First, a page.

In a context of increased tension between the United States and China, an ideological bomb was thrown by Trump at the ordinary people – students and scholars – of China, Hong Kong, and the United States. The Fulbright programme, which has funded more than 318,000 international exchange awards to people from over 160 countries since its establishment in 1946, was forced by presidential order to block scholarships to people in China and Hong Kong from July 2020 onward. While there has been an outcry from the public and academia all around the world, for me, this is particularly troubling as it reminds me of national and racial essentialism concerning my Chinese roots – the main topic of the Fulbright scholarship I was awarded, that has now been cancelled, to study in Harvard next year.
Although I was born and raised in China, I have always struggled with what it means to be Chinese. As I grew up, I found that when I was true to myself, I did not always fit into society. On some occasions, people have questioned whether I was ‘really’ Chinese. I always assumed, as I had been taught in school, that Chinese people were a homogenous group, with a single common experience and characteristics … until I picked up a book about multiculturalism while studying at Seoul National University in South Korea. As I spent more time living outside Mainland China, travelling, attending conferences, and pursuing higher education, I started to question the shared identity of Chinese people. I focus in my doctoral research on exploring the diversity of Chinese people, what it is to be Chinese in different contexts, and how social constructions and expectations about Chinese identity influence ethnic Chinese people’s experiences, around the world, in daily life.
Studying in Hong Kong, where Chinese identity is a controversial topic, I found the perspectives of Chinese diaspora and identity politics particularly interesting and useful. As a Special Administrative Region of China, Hong Kong is influenced by waves of US-China relations. Yet of these communities, my first-hand experience with the United States has been limited. This motivated me to apply for the Fulbright programme to visit the United States, a multicultural society where diverse people coexist. During my 10-months’ stay at Harvard, I planned to examine the struggles of people of the Chinese diaspora in the United States and the perceptions of non-Chinese people towards them. Being awarded the Fulbright scholarship serves as a significant recognition of my passion, and provides timely financial support for my research. By studying in the United States, I also hoped my research could become more beneficial to ethnic Chinese and non-ethnic Chinese people in the United States, as well as in China, Hong Kong, and other contexts.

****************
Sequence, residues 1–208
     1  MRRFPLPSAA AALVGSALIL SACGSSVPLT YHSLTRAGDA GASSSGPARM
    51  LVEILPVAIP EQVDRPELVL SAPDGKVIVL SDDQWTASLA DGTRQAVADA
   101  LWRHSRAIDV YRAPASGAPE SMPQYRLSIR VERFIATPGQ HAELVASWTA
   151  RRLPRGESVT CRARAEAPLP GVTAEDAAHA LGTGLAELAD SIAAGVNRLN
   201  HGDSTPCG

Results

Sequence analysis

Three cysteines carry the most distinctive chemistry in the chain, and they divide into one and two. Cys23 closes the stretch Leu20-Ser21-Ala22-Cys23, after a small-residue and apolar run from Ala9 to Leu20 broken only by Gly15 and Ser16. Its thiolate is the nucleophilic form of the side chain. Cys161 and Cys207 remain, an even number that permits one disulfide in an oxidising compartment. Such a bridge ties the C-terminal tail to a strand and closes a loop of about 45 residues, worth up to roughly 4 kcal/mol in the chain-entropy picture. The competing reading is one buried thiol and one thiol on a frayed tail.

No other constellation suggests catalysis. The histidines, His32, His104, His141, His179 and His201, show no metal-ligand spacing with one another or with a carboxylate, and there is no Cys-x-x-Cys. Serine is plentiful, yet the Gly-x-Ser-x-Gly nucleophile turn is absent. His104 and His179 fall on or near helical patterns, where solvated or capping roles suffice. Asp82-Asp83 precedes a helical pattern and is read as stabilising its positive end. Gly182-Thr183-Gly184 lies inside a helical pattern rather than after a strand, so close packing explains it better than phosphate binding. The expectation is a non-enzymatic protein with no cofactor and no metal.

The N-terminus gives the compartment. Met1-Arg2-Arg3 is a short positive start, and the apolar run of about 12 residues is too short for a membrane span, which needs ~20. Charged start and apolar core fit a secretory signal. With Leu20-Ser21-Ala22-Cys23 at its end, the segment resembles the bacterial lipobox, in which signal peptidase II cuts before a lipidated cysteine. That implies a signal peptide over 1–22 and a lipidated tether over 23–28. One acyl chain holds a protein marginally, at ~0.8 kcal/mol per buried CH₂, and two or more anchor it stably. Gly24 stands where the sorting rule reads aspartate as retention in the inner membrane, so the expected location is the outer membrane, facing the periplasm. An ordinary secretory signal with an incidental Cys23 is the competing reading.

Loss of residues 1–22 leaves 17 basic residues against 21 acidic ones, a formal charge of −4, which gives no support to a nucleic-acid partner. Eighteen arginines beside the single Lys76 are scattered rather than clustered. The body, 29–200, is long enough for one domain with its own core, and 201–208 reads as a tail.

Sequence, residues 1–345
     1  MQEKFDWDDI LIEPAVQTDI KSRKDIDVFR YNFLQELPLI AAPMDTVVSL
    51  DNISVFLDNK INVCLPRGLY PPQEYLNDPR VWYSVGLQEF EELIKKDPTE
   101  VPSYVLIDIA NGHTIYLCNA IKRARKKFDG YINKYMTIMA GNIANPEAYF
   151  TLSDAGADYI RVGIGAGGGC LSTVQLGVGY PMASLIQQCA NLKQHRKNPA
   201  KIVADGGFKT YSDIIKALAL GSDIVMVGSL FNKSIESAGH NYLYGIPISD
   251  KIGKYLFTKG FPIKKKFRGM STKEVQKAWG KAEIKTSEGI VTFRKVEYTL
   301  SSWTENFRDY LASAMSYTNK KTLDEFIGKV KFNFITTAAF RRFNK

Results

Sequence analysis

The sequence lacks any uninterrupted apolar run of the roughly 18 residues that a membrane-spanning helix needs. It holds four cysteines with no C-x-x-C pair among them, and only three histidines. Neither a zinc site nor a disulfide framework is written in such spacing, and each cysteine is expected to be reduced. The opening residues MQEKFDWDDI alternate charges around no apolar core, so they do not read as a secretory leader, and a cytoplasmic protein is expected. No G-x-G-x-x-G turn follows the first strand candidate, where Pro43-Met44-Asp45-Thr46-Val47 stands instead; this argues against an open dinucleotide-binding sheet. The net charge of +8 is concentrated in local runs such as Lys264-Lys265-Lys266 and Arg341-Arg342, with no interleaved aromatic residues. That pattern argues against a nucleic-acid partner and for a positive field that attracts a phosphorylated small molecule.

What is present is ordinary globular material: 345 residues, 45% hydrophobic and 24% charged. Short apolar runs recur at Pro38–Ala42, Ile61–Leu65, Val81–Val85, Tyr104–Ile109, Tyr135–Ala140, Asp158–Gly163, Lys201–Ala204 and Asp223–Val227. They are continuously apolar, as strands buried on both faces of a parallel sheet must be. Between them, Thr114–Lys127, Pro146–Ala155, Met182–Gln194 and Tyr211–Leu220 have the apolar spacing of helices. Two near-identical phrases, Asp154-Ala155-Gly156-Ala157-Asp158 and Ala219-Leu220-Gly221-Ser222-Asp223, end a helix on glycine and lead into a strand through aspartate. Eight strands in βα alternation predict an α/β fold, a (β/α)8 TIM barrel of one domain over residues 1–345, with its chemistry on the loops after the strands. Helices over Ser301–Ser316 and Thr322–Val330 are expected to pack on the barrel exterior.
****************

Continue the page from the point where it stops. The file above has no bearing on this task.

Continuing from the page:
‘Once you are born as an ethnic Chinese, many people will treat you as Chinese forever.’ I wrote down this sentence several months ago, but I doubted its applicability in the ‘open’ and ‘multicultural’ world, where people are encouraged to hold multiple identities, and transcend the identities ascribed to them before their free choice. However, the termination of my Fulbright programme overnight, due to my Chinese roots, confirms this sentence is true, in the United States as it is in China. Trump’s presidential order to cancel Fulbright awards for scholars in China and Hong Kong reconfirms this basic message, that for ethnic Chinese people their identities, and what they mean to and for them as individual persons, are not a matter of choice.
This message also resonates, in no small degree, with the feelings of ethnic Chinese people in Hong Kong now. Many of them feel abandoned by both China and the U.S. People here have been struggling for decades to demonstrate that Hong Kong is unique in many aspects and not simply ‘another city in China,’ while the term ‘Hong Kong people’ is not equivalent to ‘Mainland Chinese people.’ These attempts now come to an end with a simple sentence stated by Trump in his President’s Executive Order on Hong Kong Normalization: ‘The Special Administrative Region of Hong Kong (Hong Kong) is no longer sufficiently autonomous to justify differential treatment in relation to the People’s Republic of China.’
Living in Hong Kong, where ‘East meets West,’ I see people trying to preserve a local identity which combines East and West components. However, now they see that these attempts are not globally valued. People in China tend to treat Hong Kong people as betrayers who don’t recognize their mother. People in the West (i.e., the U.S) also increasingly see Hong Kong people simply as ‘Chinese people,’ who do not deserve recognition – but actually the opposite: discrimination, in the case of Fulbright cancellations, due to being Chinese.